ISSN: 1391 - 0531
Sunday June 01, 2008
Vol. 42 - No 53

Some thoughts provoked by Seetha’s story

The report in the Daily Mirror of 14 May 2008 (page A7) about the rape of two teenage girls in Kalmunai and the subsequent abduction of one of them shocked me to the core, as it must have many others. At the same time I felt that this story, with all its cruelty, impunity and cowardice on the one hand and fear, pathos and hopelessness on the other, epitomised the Eastern province in particular and our country in general.

Political optimists will say that on balance the recent events in the Eastern province, inclusive of an election, are a beacon of hope for a war-torn land. Why do I not believe that? Maybe it is my pessimistic nature or my engineering background that makes me look critically at something and focus on failure rather than success; and my unbelief is buttressed by stories such as this. The story raises many issues and reveals the kind of society we live in and which we are shaping for ourselves.

The mother of the alleged rape victims is called “Seetha”. The name is no doubt a fictitious one, but it is a Sinhala name. Were the victims a Sinhala family? The reason I ask is that most Sinhala people feel they will be spared the many terrible things happening around us on account of their belonging to the majority race. If this family were in fact Sinhala, it is a wake-up call to all Sinhalese, a warning that no one is safe. It also demonstrates that your safety in this country depends not on your ethnic background but your alignment to the wielders of power.

Neither the hospital authorities nor the police seemed inclined to get involved in this matter. Did they know who the perpetrators of the crime were, or did they suspect that the criminals had powerful connections? Or did they assume that anyone who had committed such an atrocious crime would have to be parties with powerful connections? The victim girls’ father showed an initial reluctance to go to the police.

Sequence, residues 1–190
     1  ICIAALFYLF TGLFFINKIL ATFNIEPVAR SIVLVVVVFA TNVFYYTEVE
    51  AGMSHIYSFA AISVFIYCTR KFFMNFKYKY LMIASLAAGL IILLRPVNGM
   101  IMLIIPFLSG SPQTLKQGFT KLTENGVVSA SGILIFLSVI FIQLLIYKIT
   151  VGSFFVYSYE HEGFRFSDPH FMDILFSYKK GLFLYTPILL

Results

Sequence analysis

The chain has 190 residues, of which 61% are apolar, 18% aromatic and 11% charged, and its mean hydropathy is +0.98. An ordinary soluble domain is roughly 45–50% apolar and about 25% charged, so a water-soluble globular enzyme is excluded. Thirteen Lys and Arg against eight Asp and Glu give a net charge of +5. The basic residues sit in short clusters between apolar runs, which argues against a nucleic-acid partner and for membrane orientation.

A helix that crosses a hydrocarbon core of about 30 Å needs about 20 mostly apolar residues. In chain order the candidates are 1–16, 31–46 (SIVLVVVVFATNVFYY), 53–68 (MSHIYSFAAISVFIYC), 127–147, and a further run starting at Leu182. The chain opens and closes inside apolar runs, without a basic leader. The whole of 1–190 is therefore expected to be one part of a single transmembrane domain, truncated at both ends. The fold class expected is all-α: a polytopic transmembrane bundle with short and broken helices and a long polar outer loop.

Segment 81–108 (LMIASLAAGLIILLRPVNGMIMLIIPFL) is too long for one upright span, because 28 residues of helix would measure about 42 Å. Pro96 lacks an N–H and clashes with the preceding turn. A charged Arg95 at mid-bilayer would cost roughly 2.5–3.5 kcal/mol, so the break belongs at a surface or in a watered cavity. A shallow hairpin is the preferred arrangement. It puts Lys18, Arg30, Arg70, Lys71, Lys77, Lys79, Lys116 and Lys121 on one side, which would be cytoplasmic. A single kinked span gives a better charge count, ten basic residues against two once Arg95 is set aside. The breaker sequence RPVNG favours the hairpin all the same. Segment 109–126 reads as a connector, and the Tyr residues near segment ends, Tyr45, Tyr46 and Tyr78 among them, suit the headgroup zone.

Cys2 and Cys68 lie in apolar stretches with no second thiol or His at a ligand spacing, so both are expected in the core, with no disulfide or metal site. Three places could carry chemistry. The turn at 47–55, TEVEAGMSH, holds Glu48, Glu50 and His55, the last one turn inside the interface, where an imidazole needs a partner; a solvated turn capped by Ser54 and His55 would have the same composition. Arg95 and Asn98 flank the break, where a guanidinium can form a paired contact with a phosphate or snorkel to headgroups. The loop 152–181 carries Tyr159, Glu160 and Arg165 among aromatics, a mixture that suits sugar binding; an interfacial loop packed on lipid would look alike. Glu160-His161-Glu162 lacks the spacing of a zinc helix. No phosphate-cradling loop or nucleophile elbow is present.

Our police have an unenviable task, given the kind of context they have to work in, but they must not forget that they have a duty to protect the victim and apprehend the criminal.

When victims are afraid to go to the police, what does that say about the police, and about our society? And what does it say about those who talk about “the old values” but whose sons have all but stopped joining the police? Even in Colombo, when Tamil people face hardships of various sorts they go not to the police but to a Tamil political entity aligned to the government. Is this how we wish to live, even temporarily?

How about the sheer impunity of the perpetrators who dared to revisit the scene of their crime? Such arrogance and bravado undoubtedly smack of patronage, no doubt political, especially in the context of the election surrounding this heinous crime.

Have our leaders, who pay so much lip service to religion (not only at Vesak time but during all religious festivals, and in fact right through the year), completely re-written all moral precepts, so that right and wrong are merely synonyms for being with them and against them respectively?

Then, of course, there is the issue of rape, which I think the feminist writer Germaine Greer said was a threat that all men held over all women. I will not debate that, but it appears that a militarised society is one where the physical needs of the combatants tend to be satisfied either through prostitution or rape. The combatants are clearly important to whomever they serve, so it is unlikely their such actions will be seriously condemned (their actions may even be condoned). It is not a good time to be a young woman in Sri Lanka.Finally, although our country is on the verge of anarchy, it is clear that there are some who suffer more than others.

I weep for Seetha, but I am uncomfortable that my lot is far more secure than hers. I do not have powerful connections or enjoy any patronage, but I may have some measure of social power. If those of us with such a measure of social power seek to get directly involved with victims such as Seetha’s family, it may result in some protection being afforded to them. That would, of course, be risky.

By Priyan Dias, Dehiwala

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